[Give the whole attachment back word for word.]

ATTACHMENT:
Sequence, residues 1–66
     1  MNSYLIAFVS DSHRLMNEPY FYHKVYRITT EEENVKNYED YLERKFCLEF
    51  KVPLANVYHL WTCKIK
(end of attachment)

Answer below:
Sequence, residues 1–66
     1  MNSYLIAFVS DSHRLMNEPY FYHKVYRITT EEENVKNYED YLERKFCLEF
    51  KVPLANVYHL WTCKIK